Thursday, December 4, 2014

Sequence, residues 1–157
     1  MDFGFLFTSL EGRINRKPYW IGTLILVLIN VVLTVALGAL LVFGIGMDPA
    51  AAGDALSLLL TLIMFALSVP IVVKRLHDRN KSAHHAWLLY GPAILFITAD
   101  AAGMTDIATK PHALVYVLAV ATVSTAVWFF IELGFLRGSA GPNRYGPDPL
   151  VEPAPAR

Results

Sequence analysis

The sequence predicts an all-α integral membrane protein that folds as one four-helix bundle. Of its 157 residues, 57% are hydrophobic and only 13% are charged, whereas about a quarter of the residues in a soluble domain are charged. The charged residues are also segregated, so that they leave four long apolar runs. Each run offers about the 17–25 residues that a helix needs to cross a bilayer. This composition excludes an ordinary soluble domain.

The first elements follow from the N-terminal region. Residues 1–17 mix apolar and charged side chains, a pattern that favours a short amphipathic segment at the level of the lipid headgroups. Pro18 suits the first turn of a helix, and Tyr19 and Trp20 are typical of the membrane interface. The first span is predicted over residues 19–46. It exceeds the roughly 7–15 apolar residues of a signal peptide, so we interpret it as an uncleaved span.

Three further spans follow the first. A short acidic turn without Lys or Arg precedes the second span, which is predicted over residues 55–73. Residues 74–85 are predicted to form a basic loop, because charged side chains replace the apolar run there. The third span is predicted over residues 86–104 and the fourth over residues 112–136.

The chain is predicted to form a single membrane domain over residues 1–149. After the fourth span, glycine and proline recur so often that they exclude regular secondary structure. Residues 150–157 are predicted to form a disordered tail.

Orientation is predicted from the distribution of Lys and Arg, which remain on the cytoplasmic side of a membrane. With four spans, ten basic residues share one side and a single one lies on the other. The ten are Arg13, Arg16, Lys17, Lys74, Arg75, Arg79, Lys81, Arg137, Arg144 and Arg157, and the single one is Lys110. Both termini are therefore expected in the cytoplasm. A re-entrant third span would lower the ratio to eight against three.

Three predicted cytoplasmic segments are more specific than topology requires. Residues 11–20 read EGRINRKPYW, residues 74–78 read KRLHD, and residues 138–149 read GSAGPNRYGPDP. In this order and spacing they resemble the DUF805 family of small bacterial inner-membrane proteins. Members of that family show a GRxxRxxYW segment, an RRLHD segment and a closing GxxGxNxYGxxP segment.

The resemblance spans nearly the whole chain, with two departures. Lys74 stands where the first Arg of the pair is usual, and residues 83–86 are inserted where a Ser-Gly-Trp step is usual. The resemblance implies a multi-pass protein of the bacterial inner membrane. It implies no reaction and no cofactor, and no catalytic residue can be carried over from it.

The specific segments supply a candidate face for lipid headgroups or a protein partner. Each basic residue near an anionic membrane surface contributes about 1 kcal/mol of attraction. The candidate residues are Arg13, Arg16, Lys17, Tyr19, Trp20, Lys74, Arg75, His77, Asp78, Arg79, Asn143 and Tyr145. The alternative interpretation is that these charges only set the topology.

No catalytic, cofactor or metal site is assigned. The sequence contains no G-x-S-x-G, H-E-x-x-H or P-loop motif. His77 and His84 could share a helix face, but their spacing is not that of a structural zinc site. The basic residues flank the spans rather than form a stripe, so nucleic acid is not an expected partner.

It started after a morning of teaching. I sat down for some lunch and as I sat there, I could feel something unusual going on with my heart. I could feel it pounding in my chest. I checked my pulse and not only was it going faster than usual, it was also skipping beats. “Bummer”, I thought, “not again!” I had experienced heart arrhythmia four times before (actually, atrial fibrillation). Once it had gone back into rhythm on its own, the other times I had needed to be inverted (heart stopped and then started again with an electric shock). The heart didn’t seem to be skipping around as much this time as it had before. It just seemed to be skipping some beats. I thought, “Maybe if I just rest, it will calm down.” I knew it was probably wishful thinking, but last time had involved a month and a half of incapacity along with a memorable but highly unsatisfactory stay in a Ugandan hospital highlighted by an unsuccessful cardiovertion attempt, part of which I was concious for. All of this was followed by being life-flighted down to South Africa to be cardioverted again, this time successfully. So now you know where the “Bummer, not again,” comes from and why I was hoping things would correct themselves. But by morning it was clear that the heart was not going to fix itself. The pulse had slowed down to closer to normal but it was still skipping beats. I wasn’t feeling as bad as I had in the past but I knew I would need some help. I called my cardiologist who was in Nairobi. I had been followed by him ever since the last episode two years earlier. The receptionist would not let me talk to the doctor but told me I would need to make an appointment and come in. I tried to explain that I lived in a different country and it would take me hours of travel to get there. I wanted to know if there were something I should be doing now. She told me I need to make an appointment. So I made an appointment. The next day was earliest appointment I could get, which was just as well as it would take me that long to get there anyway. The choice was between flying and taking the bus. We had tried driving twice and our van had broken down both times, so driving was out. It is just not reliable for longhaul trips or anything with hills and mountains. The flight itself would only be about an hour and a half, but it would take at least four hours to get to the airport, then there would be standing in line getting tickets, going through security and customs and travel from the airport in Kenya. All-told it would take somewhere around nine hours of travel to fly with a lot of activity and stress. The bus would take about 12 hours but most of that I would just be sitting. Plus the bus would be ten times cheaper, so the bus it was. My wonderful wife lined up for our boys to stay at some friends and arranged for bus tickets on the night bus for us, along with a lot of last-minute details. Some Ugandan friends dropped us off at the bus station where we were told the bus would be there any minute. Our bus station consisted of two waiting room type chairs placed at the side of the road. We had a lot of stares at the two white people sitting at night by the side of the road in these nice chairs. We sat there for about an hour waiting for the bus, which was okay, until it started to rain. But eventually the bus did make it and we got going. My seat was fairly roomy and not too uncomfortable but Michelle was stuck by a fellow with a lot of bags that were stuck where her feet was supposed to be. The back of the seat in front of her kept bagging into her knees and her seat back was broke so if she leaned back on it, it would fall back into the lap of the fellow behind. Fortunately it was just a short bus ride, 12 hours or so. So off we went, bumping along. We were both able to get some sleep even if only intermittently. At first I hadn’t been feeling that bad, but by the time we were getting close to Nairobi, my chest was beginning to feel very tight and the pain was increasing. It was morning when we got off the bus in the middle of bustling Nairobi. Michelle grabbed the bags (Did I mention I had a wonderful wife) and we found a taxi. We went and got some food then to a guest house where we could get about an hour of rest before it was time for the doctor's appointment. The rest helped, so I was able to make it up the stairs to the doctor’s office by taking it slow. The doctor looked me over and told me sure enough I had a problem. He told me they could cardiovert me but first they would need to know there were no blood clots in my heart or it could kill me. He gave me two options. I could take some drugs and wait a month. Or they could do a procedure of putting some kind of scope down my throat to see if there were any clots and if not, go ahead and cardiovert me then. Last time, under the care of a doctor in Uganda, I had only had option A, and it had left me virtually bed ridden for more than a month, so this time I jumped at option B. The procedure was lined up for the next day, Thanksgiving. While we had been looking forward to spending Thanksgiving with friends, all the excitement had been put out of my mind. So the next morning as they were preparing me for the procedure (sliding a tube with a scope on it down my throat), I was surprised when the doctor wished me a “Happy Thanksgiving.” I thought, “This isn’t what I had envisioned putting down my throat on Thanksgiving, but oh well.” I was concious for the first part of them putting the tube down my throat (for some reason they needed me awake), but while I felt a little panicky at first it wasn’t too bad. And I don’t really remember much beyond feeling the start of it going down. I woke up in a different bed and was told that there had been no clots so they would now do the cardioversion. The doctor told me to count backwards from 100. I can remember getting to 28, and then I was waking up again and my heart was back to beating as before. A few hours later I was able to leave the hospital. During this time I was able to just rest, but Michelle was kept busy with a lot of running around. We had brought our credit card and debit card and had even called the credit card company in advance. But because of credit card fraud that had been going on in Kenya, they would not authorize the card. To get out of the hospital, we would have to pay our bill in full so Michelle was forced to find a way to get the money transferred from our bank in Uganda over to Kenya. Fortunately, a good friend back in Uganda was willing to give up part of his Thanksgiving to help us out. After a lot of stress and headache, Michelle was able to get it taken care of so I could leave the hospital. (Did I mention I have a wonderful wife?) We got out and stayed again at a guest house and were able the next day to catch a ride up to the school where Janae and Josh attended. As it turned out, they were just heading into Christmas break and were preparing to catch a bus ride back to Uganda the next morning. We were able to get a ride on the same bus. This bus ride took 15 hours but finally we were back home. Getting back to normal would still take about a week, but all-in-all, I was very thankful for so many things.